The executive director may make the conditions prescribed in paragraphs 2 and 3 of section 19 applicable, with the necessary modifications, to the secretary and personnel of the Bureau if it is warranted by their functions. If, after a preliminary analysis of a complaint, it appears that a criminal offence may have been committed, the Bureau refers the complaint to the competent police force without delay for the purposes of a criminal investigation.
The decision to keep the information confidential ceases to have effect on the expiry of the licence, unless the Bureau grants an extension on application by the licence holder on renewal of the licence. The extension may not exceed the term for which the licence is renewed. Subsequent extensions may be granted on the same conditions. This section applies despite sections 9 and 57 of the Act respecting Access to documents held by public bodies and the Protection of personal information chapter A If the Bureau fails to have its books and accounts audited, the Minister may have the audit conducted and may, for that purpose, designate an auditor whose remuneration will be charged to the Bureau.
The order issued by the Minister must set out the reasons on which it is based. Any extension of the provisional administration may be renewed by the Minister for the same reasons provided each renewal does not exceed 90 days. Despite the first paragraph, a regulation made under paragraph 6 of section must be submitted to the Government, which may approve it with or without amendments. The Government may also determine, among the provisions of a regulation under any of subparagraphs 2 to 4 of the first paragraph, those whose contravention constitutes an offence.
A regulation under subparagraph 1 of the first paragraph may include exemptions or provisional conditions for personnel who are in place at the time it comes into force. The Minister may also, on the recommendation of the Bureau, recognize a training instructor or a training body.
Section comes into force on 3 March insofar as it applies to agency licences , c. Section comes into force on 22 July insofar as it applies to agent licences , c. Likewise, any person who, on 22 July , carries on a private security activity for which an agent licence is required under this Act, but who was not subject to the Act respecting detective or security agencies must obtain an agent licence of the appropriate class in accordance with this Act within six months after that date. The person may continue to carry on the activity after that date until those six months expire unless, in the interval, the Bureau refuses to issue the person a licence.
The same rules apply to the immediate superior of a person referred to in the first paragraph of section To be certain to obtain a licence within the six-month period provided for in the first and second paragraphs, applicants must make sure their applications are received by the Bureau at least three months before the expiry of that period.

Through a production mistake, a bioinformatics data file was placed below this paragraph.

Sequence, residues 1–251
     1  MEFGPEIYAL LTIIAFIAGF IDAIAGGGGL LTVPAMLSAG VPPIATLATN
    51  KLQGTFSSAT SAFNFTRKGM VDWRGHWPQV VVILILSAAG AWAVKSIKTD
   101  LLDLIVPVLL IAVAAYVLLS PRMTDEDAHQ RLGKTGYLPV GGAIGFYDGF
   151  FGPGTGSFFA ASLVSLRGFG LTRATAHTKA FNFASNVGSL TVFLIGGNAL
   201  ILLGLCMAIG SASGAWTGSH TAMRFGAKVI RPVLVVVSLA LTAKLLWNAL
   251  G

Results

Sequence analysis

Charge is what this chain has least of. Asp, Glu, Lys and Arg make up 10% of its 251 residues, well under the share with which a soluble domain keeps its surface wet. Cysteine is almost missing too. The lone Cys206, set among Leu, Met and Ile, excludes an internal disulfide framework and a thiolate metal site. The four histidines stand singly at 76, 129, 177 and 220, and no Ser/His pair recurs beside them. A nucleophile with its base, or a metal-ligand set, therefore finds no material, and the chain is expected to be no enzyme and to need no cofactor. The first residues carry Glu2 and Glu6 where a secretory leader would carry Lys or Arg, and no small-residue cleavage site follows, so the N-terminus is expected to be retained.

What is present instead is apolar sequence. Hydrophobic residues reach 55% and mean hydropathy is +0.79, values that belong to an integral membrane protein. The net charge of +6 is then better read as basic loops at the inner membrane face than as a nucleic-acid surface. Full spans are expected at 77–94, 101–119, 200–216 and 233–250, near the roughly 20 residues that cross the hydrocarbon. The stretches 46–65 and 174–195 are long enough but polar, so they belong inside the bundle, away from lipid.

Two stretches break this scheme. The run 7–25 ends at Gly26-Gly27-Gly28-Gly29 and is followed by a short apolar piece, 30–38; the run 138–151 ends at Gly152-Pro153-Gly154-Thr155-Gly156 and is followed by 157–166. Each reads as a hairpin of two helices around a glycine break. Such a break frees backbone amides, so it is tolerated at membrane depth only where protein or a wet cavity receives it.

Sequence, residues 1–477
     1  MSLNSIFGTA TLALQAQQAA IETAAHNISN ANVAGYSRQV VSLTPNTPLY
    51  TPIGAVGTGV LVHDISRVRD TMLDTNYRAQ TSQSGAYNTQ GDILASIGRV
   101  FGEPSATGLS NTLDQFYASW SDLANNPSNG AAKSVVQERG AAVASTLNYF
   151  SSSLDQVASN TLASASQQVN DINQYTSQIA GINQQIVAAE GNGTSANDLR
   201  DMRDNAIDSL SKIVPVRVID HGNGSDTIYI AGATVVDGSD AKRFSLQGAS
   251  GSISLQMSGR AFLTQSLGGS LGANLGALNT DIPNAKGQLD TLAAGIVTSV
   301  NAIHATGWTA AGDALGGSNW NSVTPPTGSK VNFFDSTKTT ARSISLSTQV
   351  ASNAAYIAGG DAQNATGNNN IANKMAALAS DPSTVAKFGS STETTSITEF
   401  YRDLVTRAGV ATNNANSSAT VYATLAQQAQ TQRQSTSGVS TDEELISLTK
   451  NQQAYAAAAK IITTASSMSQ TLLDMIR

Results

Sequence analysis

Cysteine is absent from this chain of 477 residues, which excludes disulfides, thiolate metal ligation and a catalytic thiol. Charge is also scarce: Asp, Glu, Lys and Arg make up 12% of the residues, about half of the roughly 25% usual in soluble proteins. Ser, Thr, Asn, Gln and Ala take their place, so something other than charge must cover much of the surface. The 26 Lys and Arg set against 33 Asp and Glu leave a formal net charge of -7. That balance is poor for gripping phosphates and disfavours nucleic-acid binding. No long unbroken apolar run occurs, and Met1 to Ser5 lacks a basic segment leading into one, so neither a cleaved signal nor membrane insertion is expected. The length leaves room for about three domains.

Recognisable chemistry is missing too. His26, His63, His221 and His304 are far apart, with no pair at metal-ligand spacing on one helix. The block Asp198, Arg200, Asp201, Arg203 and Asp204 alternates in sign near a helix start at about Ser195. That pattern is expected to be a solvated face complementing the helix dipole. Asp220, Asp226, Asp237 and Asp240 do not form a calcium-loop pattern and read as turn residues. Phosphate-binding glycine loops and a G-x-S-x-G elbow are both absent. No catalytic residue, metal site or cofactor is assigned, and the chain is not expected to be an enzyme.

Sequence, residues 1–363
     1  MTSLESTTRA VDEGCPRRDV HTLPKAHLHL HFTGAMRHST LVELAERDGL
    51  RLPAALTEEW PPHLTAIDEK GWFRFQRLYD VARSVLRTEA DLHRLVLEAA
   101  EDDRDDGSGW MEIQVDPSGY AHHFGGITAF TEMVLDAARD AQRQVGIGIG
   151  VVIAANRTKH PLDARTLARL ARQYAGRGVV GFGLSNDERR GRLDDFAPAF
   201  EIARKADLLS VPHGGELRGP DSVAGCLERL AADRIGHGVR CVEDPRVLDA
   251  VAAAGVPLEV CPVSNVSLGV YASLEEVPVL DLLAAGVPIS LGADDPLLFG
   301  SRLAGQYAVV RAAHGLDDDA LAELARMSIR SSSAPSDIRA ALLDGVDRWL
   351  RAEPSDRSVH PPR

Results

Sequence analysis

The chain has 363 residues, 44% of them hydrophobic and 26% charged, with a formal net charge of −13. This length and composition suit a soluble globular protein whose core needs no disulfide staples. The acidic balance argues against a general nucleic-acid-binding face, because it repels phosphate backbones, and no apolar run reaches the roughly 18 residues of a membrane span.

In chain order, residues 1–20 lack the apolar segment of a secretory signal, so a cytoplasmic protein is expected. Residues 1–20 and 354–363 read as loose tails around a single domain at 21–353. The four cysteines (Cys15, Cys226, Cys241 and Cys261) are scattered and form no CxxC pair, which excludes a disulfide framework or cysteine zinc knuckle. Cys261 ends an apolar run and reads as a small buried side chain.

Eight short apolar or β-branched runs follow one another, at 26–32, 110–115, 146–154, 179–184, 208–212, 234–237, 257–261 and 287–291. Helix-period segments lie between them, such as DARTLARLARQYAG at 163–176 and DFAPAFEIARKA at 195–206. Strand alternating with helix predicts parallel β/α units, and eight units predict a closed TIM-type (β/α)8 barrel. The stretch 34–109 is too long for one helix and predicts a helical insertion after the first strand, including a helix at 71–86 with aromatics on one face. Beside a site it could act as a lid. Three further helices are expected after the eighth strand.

Section 4 of this Act came into force on 3 March The provisions of subparagraphs 1 and 2 of the first paragraph of section 5 of this Act concerning licences for security guard agencies and licences for investigation agencies came into force on 3 March The provisions of subparagraphs 3, 4 and 5 of the first paragraph of section 5 of this Act concerning licences for locksmith and electronic security systems agencies, licences for valuables transport agencies and licences for security consulting agencies came into force on 22 July The Minister lays the report before the National Assembly within 30 days of receiving it if the Assembly is sitting or, if it is not sitting, within 30 days of resumption.
In accordance with section 9 of the Act respecting the consolidation of the statutes and regulations chapter R-3 , chapter 23 of the statutes of , in force on 1 January , is repealed, except section , effective from the coming into force of chapter S Show Selections in current document All selections in the collection Selected elements Delete all selections Show selections.
It emphasizes the liability problems common to security operations, including negligence and tortious liability, civil actions frequently litigated, and strategies to avoid legal actions that affect business efficiency. The text also examines the constitutional and due-process dimensions of private security both domestically and internationally, including recent cases and trends that will set pace for future private security laws and regulations.
Private Security and the Law, Fourth Edition, is a unique resource that provides a comprehensive analysis of practices in the security industry as they relate to. This chapter provides the historical foundations of private security. Although modern law enforcement, security organizations, and policing or security functions.
As private security becomes more closely involved in national and international security, cases like Blackwater are examined. The author takes you step by step through the analysis of case law as it applies to situations commonly faced in the private security practice, providing a solid introduction to the legal and ethical standards that shape the industry.
The representative must also take the training provided by the Bureau within six months after the date on which the representative is designated or, if the representative is designated before the agency licence is issued, within six months after the date on which the agency licence is issued. Ocqueteau F. McLaughlin, E. Looking at the rise and expansion of private night-watch services in different European countries in the early twentieth century, similar developments can be identified. In this respect, the contemporary shift in crime control towards privatisation is often primarily interpreted as a relatively recent development, signalling further decline in state control.
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